President Obama will continue his push for health care reform and discuss the steps taken to repair the economic collapse that occurred a year ago.
Here are some excerpts from the 60 Minutes interview between President Obama and Steve Kroft:
KROFT: One of the things that you said when you ran for President was that one of your talents was to be able to get people in a room with divergent opinions who were yelling and screaming at each other.
PRESIDENT OBAMA: Right.
KROFT: Get them to sit down and come to an agreement. Have you tried that on healthcare?
PRESIDENT OBAMA: Yeah. Well, I we tried very early on, in fact right here in the White House. That's how we kicked off our healthcare agenda was to bring all the stakeholders together and say, "Let's try to get something done."
KROFT: Why hasn't it worked?
PRESIDENT OBAMA: Well I think right now you've got just a political environment where there are those in the Republican Party who think the best thing to do is just to kill reform. That will be good politics. And then there are some people who sincerely want to see something done, but have very different views. And what I've tried to do is to make sure those in the latter category -- who don't just want to kill something, but actually want to get something done -- that we are bringing them in and as open to their ideas as possible.
Regarding the economic stimulus:
KROFT: You ran for this job saying that you were not a big-spending liberal, and that you were definitely under no circumstances a socialist. And I know that you inherited a unique set of circumstances. But in nine months, you've in effect nationalized two automobile companies, sections of the banking industry.
PRESIDENT OBAMA: Ah, wait a minute.
KROFT: The country's largest . . . .
PRESIDENT OBAMA: Hold on, time out, a second, Steve. Come on, now. Let's think about it. On the banking issue, when I walked in the banking system, the financial system was under the verge of collapse. And what have I done. I've essentially taken the program that was voted on by the previous Congress, supported by the previous Republican president, and his Treasury Secretary, and we've made it work. So, that didn't originate under my watch.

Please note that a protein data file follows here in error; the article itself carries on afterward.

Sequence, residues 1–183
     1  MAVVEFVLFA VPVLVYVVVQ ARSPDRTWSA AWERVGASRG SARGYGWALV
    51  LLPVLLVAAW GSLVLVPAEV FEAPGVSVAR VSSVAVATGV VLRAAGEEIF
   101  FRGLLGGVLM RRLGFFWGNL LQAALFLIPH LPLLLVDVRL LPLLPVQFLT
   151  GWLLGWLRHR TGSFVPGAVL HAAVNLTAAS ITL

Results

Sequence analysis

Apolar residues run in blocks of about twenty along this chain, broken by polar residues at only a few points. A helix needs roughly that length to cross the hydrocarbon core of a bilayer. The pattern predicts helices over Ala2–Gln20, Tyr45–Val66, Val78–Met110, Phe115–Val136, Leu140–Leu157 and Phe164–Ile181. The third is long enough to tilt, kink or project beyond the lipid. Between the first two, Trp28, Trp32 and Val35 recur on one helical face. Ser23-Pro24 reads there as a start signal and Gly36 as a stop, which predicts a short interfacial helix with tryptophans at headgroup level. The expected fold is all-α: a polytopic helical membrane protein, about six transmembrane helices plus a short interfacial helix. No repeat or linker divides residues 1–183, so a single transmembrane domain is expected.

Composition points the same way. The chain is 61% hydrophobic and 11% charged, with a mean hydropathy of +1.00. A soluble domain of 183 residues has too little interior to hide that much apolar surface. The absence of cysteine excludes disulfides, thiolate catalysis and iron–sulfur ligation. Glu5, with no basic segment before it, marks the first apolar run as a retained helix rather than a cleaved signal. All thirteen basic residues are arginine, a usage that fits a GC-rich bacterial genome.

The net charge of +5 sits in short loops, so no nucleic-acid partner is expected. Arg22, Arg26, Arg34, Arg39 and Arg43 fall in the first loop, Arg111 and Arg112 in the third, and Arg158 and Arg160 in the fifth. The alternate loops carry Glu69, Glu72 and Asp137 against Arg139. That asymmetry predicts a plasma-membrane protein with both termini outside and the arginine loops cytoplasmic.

KROFT: And neither did the nationalization of the country's largest insurance agent.
PRESIDENT OBAMA: Exactly. When AIG happened, that didn't happen on my watch. We tried to make it work. With the auto companies, before I took office, Uncle Sam was writing them billions of dollars worth of checks without holding them accountable. And what we've said was, "You know what, this is not gonna be a good deal for consumers if every six months, we have to write you a $10 billion or $5 billion dollar check to keep you operating. So, if you're going to get taxpayer money, then you've got to be accountable to taxpayers by a restructuring."
The fact is that I inherited the worst economy since the Great Depression. And I inherited programs that had been initiated before I took office. The ones that are most unpopular had started under the previous administration. And what we've done is try to make sure that they work effectively. And as a consequence of the steps that we've taken, what we've seen is that a year after Lehman's collapsed, and this economic crisis started, it's fair to say that every economist out there is saying we have pulled back from the brink, and that we might even actually go into positive growth sometime in the next few months.
What I think is a legitimate concern, because this did happen under my watch, is that we initiated a big recovery act. That was a lot of money. Eight hundred billion dollars. And the reason we did so was that every credible Democratic and Republican economist at the time when we came in said, "If we don't have a stimulus of some sort, then this is potentially going to get a lot worse."
And now, eight months afterwards, the vast majority of economists out there are saying, "You know what, as a consequence of the stimulus, that probably helped to cushion the blow, and we probably got an additional two percent or so of growth because of it." Not to mention the fact that you had a whole bunch of people out there who got unemployment insurance after they were laid off from their jobs. A whole bunch of people were able to keep their health care after they lost their jobs. A whole bunch of states got the kind of revenues that prevented them from having to lay off teachers and cops.
So, I am happy to defend the choices that we made in a very difficult environment. And the proof is that right now, the economy, after a very trying time, has stabilized. We're not out of the woods yet. And everybody out there who's still having a tough time knows it. But we are moving in a direction where I think we can actually start seeing some positive growth.
This is just a very small part of the interview. You can watch Sunday night at 7 p.m. (on the west coast) or read the transcript at CBS News.com
Cheri is a freelance writer living in Southern California. She has two grown children and is the proud grandmother of three.
You can find Cheri’s home page at www.ccabot.gather.com
Her weekly political column “Personal About Politics”, can be found at www.personalpolitics.gather.com.